Henry J. Pagliarulo died on November 17, 2008. Papa lived eighty seven years, had four children, five grandchildren, and six great grandchildren. His story is not dramatically different from most people that age but it is certainly worth telling.
Born on January 25, 1921, in his childhood home in East Boston, Massachusetts, Papa learned early on about the importance of family. He was the 11th of 13 children born to Anthony and Adelaide Pagliarulo, and his beliefs and ideals were formed by his experiences as a child during the Great Depression and by serving his country while the world was at war. Papa was a member of the Greatest Generation - a generation who knew that material things were fleeting luxuries and that family was a constant; a generation who sacrificed personal goals for the benefit of the world. Papa served in the Navy as a SeaBee during World War II and he, like so many others of that time, took those life lessons learned at an early age and set out to make his mark on the world.
On October 28, 1945, Papa married Florence Seminatore and they were married for over forty years. Nana was the perfect compliment to Papa. She was the elegance for his practicality, the tenderness for his business sense, and she shared her love for him with every meal she prepared. Papa was a hard worker who rarely took a day off. He was the ultimate planner and provider, and nothing pleased him more than when he was overseeing and directing a project through to its completion. Papa was a skilled and successful businessman in the insurance business and a craftsman with a mind for numbers and calculating. His checkbook was always balanced to the penny and his accounts always in order. If there was a discrepancy you can be rest assured that Papa was right - just ask any credit card company that tried to slip a surcharge past him. He was a lousy tipper but took great joy in finding a bargain and then sharing the story with everyone.
Friends knew Papa as “Henry” and he made new friends everywhere he went – at the beach, in restaurants, by the pool, and around town. Papa opened his door to his friends and welcomed them into his home, cooked them meals, offered them a cold beer, shared their laughter, and reveled in their companionship. His cooking was not on par with Nana's but he did it with the same amount of enthusiasm that she did - just not always the same ingredients. A game of poker and eating his Clams Casino served on shells from the 1970’s were the two most common forms of gambling in his home.
I helped Papa close his cottage up for the winter this past October, something I have done the last few years. Each time, as I stretched the heavy metal chain across the driveway and clamped the padlock closed for him, I would ask myself, "I wonder if he will be here next year?" However, he never wondered for a second and would then give me a handshake and a kiss on the cheek and say, "Okay, Scotty. I'll see you next year. You and Deb come with the kids and see me in Florida if you can." And down the road in his brown Nissan Altima he would drive.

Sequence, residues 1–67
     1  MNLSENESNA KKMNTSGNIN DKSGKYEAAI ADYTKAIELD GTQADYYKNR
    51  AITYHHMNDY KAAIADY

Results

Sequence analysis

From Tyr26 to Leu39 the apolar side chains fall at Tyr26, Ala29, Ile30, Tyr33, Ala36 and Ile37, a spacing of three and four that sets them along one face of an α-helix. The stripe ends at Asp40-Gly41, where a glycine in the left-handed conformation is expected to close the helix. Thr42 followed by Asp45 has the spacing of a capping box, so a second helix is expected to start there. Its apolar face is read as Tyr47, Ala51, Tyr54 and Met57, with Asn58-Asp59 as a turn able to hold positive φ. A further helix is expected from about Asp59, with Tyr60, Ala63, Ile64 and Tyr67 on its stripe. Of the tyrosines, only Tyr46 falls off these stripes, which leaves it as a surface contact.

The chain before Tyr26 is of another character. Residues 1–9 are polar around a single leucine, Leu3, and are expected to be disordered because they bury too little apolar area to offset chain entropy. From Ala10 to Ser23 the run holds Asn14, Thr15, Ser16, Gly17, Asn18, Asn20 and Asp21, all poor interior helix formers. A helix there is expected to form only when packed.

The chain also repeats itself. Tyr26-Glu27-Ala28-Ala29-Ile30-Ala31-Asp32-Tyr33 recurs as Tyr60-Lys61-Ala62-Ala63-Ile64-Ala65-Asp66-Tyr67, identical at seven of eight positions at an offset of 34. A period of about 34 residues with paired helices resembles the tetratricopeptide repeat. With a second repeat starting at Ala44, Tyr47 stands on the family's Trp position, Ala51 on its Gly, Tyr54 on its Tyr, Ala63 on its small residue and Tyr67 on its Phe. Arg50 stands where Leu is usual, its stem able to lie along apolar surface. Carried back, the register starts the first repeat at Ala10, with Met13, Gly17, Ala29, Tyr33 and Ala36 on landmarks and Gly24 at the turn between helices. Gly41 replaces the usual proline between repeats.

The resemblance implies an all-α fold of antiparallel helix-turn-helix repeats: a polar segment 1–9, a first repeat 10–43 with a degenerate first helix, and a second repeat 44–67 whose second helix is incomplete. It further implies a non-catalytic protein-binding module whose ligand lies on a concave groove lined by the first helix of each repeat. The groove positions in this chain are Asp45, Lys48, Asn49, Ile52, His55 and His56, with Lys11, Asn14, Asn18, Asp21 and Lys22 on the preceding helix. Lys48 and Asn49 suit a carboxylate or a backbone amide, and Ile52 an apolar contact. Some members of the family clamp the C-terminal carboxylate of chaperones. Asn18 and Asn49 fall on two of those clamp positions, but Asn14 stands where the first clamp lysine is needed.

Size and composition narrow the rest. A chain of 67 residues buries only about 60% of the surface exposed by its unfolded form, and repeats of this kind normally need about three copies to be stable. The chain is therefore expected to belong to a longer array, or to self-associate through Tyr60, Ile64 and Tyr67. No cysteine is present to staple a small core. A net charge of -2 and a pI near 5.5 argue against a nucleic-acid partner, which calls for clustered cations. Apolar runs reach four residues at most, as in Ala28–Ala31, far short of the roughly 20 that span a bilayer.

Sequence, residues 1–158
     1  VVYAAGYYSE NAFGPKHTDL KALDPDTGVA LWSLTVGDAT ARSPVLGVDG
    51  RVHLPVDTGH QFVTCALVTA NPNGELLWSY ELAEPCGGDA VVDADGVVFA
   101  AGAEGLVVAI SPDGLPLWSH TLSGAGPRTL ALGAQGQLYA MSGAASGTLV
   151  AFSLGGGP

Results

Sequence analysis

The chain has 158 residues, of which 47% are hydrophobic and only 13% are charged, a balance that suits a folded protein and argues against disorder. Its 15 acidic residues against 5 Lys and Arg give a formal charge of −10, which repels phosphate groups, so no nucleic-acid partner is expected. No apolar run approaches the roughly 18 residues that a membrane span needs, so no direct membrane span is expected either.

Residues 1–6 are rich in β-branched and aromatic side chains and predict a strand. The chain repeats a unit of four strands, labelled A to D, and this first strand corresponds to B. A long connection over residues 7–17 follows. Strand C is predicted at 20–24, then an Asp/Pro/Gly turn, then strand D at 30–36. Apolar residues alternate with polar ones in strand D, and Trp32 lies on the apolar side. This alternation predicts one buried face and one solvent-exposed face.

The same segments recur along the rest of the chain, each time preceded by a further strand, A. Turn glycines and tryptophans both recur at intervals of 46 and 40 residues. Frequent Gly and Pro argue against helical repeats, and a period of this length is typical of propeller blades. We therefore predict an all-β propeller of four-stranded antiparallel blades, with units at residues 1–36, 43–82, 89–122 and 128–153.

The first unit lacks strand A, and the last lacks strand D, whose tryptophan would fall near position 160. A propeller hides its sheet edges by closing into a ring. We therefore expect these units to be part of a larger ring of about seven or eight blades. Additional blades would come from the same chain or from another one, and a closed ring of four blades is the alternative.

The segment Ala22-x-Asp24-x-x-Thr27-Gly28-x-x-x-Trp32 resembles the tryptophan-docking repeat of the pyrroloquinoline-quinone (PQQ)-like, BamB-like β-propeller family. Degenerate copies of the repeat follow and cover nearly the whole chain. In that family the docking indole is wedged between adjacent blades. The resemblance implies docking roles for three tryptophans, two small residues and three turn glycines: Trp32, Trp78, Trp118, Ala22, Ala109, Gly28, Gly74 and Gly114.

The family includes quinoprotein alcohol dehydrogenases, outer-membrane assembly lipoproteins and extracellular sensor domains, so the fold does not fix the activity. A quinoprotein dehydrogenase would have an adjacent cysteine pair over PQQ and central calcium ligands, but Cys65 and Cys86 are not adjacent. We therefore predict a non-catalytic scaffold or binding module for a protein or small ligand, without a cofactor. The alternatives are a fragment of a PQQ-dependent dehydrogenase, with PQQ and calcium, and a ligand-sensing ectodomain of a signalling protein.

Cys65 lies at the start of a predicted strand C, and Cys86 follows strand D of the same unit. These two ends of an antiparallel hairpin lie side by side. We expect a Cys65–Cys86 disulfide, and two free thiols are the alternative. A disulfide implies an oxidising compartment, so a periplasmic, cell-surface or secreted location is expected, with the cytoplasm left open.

Living to the age of eighty seven is a wonderful thing. But when you live a long time you also experience loss and hardship, and Papa suffered many. He lost Nana eighteen years ago, ten brothers and sisters, and numerous friends over the years. However, Papa endured, took comfort in the joys brought to him by the next generation, and continued to love those who were still a part of his life.
Papa was a tough man too. His body suffered from many things including heart disease, diabetes, kidney problems, and a blood disorder. In recent years he sustained bumps, bruises, and cracked ribs from falls in and around his home. But Papa always got back up, determined to live his life the way that he wanted – in his home and on his own. He was lonely at times but he possessed a will to live that was stronger than most; a will deeply rooted in the belief that he was meant to live another day.
On November 13, 2008, Henry Pagliarulo made his final trip home from Florida. Papa returned to a cold, damp, and rainy New England a tired and sick man. He had checked himself into a hospital several weeks earlier and we had learned that the news was not good; there would be just enough time for Papa to come home to Massachusetts to die. As he completed his long journey and was wheeled into the Kaplan Family Hospice House he was thrilled with the reception he was given by his waiting family, equating it to that of a welcome worthy of the President of the United States.
In typical Papa fashion his spirits were strong and his humor was still very much intact. He held court in the center of his suite making us laugh and easing our pain. Minutes after arriving at The Kaplan House one of the staff members entered the room and asked Papa a simple question, “How are you doing, Henry?” Papa, with a wave of his arm towards his children, grandchildren, and great grandchildren replied, “I’ve done quite well thank you.” He had absolutely no regrets.
Papa’s troubles here did not last long and Monday, November 17, 2008 was the day that he decided it was time. Papa lived and he died on his terms.
I was lucky to have known Henry J. Pagliarulo and honored that he came to introduce me to people as, "his grandson." I also take comfort in knowing that the last time I saw Papa alive I looked him in the eye, told him I loved him, and was able to say, 'good-bye Papa." It's hard to feel so lucky and so sad at the same time.